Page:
I had to sell the party to the birthday parent to get the gig, but I am full sales mode from when I arrive at a kids party to when I leave. I shall explain why.
I have been examining the ABC of sales proposed by Daniel Pink in his book “To Sell is Human” (#ad). They are:
This post deals with the third point, clarity.
During the party, I am selling to the birthday parent (to avoid buyer’s remorse), to the birthday child, to the guests and to the other parents. I need to establish clarity about me and my offering.
In his excellent chapter on clarity, Pink suggests that sales people need to:
- Identify the real problems that need solving
- Contrast their solution with the alternative
- Deliver a positive experience
What’s Your Problem?
Let’s take a six-year old birthday. The birthday parent(s) are expected to provide a party for the whole class but, on the whole, they have no idea how to control and entertain them. So they think they need a magic show.
However, their actual problem is that they are feeling stressed about the party and they want to deliver something special for their child. In addition, it would be good if it was a positive experience for everyone. Good magic would be a bonus.
Re-framing the problem like this suddenly means that the actual tricks performed are far less important than the degree to which the entertainer reduces stress levels. I identified this many years ago and it made a big difference to the way I sold and conducted my parties. They are now famously calm. Even though there are short periods of deafening noise, there are also periods of pin-drop silence. Everything is under control the whole time and everyone has a great time.
The parents look visibly relieved at the end. I have solved a problem that they didn’t even identify at the outset, but it was the actual problem that needed to be solved.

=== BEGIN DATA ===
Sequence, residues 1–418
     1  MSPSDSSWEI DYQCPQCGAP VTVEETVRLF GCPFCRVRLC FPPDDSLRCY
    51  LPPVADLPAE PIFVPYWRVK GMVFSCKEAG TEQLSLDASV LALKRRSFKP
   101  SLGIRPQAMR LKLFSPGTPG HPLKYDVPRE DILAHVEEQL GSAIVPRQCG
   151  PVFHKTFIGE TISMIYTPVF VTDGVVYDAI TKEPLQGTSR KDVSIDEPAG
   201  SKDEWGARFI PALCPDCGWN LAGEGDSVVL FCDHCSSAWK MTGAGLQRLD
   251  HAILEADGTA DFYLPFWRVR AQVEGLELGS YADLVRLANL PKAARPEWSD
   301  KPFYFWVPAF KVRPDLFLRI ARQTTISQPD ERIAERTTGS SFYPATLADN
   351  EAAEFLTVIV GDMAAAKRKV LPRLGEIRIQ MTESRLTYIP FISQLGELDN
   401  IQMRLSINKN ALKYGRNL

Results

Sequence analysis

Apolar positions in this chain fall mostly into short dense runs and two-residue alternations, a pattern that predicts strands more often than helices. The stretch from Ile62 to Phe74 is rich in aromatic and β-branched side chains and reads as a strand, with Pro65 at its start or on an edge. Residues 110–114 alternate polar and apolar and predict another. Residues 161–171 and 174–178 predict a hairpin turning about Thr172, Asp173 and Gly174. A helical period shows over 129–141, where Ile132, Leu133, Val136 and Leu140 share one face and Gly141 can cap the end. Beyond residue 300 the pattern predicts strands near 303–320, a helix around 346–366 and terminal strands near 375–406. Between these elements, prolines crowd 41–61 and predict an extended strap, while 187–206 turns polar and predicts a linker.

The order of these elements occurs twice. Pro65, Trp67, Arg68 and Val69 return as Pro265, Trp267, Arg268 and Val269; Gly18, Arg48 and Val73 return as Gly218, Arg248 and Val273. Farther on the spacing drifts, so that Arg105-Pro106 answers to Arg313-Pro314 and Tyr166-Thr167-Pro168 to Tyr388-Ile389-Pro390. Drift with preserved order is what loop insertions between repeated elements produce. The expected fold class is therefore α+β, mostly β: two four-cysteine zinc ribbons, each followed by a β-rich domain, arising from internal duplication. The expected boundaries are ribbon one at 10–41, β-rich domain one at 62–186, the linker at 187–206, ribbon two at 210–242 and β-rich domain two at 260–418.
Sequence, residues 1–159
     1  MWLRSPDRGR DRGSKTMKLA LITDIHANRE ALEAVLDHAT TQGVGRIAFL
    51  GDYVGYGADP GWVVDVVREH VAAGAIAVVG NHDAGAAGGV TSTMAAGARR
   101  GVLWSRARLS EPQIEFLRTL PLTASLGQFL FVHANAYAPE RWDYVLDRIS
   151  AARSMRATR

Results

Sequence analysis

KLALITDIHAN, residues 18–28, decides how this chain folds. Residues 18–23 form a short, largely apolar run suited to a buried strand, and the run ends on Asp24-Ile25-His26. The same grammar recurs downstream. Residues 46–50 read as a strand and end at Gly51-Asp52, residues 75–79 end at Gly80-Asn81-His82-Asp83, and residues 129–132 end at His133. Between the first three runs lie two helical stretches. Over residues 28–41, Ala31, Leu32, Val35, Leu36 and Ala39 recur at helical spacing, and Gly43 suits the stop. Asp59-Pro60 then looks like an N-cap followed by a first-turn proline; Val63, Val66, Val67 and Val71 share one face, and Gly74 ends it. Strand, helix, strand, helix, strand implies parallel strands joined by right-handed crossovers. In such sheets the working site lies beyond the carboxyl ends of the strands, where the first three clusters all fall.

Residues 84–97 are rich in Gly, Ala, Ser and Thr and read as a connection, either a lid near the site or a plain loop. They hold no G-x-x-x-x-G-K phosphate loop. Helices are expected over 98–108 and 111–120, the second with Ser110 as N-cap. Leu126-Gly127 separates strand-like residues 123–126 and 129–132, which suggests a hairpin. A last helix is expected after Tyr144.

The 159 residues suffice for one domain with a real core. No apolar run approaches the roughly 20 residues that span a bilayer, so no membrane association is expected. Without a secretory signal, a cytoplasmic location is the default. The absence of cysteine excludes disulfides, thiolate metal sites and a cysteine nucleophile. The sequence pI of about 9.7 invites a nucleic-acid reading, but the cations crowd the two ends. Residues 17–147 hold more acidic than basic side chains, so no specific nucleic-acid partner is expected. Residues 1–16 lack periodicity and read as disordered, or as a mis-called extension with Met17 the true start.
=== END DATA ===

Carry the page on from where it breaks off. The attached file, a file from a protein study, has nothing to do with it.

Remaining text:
As sales people it is important to ask questions to establish clarity: what is the actual problem that needs solving? It may well not be the problem initially presented. Take time and trouble to do this and your prospect will feel understood and appreciated and will trust you more.
Compare and Contrast
You can establish clarity about your proposition’s value by contrasting it with the alternative.
I offer different packages for children’s parties. For some I take control of the whole party and there are two hours of order and enjoyment. However, I also offer a show-only option where I just do 45 minutes and the parents look after the rest.
In these instances, before and/ or after my slot I am not in control, I am just setting up or packing down. The children will normally be running slightly wild, maybe with an un-trained parent trying to be an amateur entertainer and organise some games.
This is great for me. As soon as I take over I instil order where there was chaos. I bring focus on wonder where there was only distraction. It makes me look amazing in the eyes of the booker and the other parents.
As a sales person you can throw the value of your proposition into sharp relief by contrasting it with the alternative.
“They’ll never forget how you made them feel”
Paraphrasing Carl W. Buehner, both in the context of magic performance and public speaking:
“They may forget what you say,
They may forget what you do,
But they will never forget how you made them feel”
People remember experiences far longer than material things. It make sense to deliver positive, memorable experiences and feelings wherever possible.
My aim at a kids party is to provide calm, wonder and enjoyment for the watching parents, rather than noise, stress and annoyance.
My final trick is with the birthday child. It involves little red balls that multiply in the child’s own hand. It’s not the most difficult trick to do, it’s not the most impressive in a magic performance sense. But in terms of emotional punch it is way up there. When I ask the child for their favourite bit of the party, it is almost always when they made the balls appear in their hand.
Whatever you are selling, remember to focus on how your solution will change someone’s experience and feelings.
And try to make the actual sales meeting a feel-good experience too.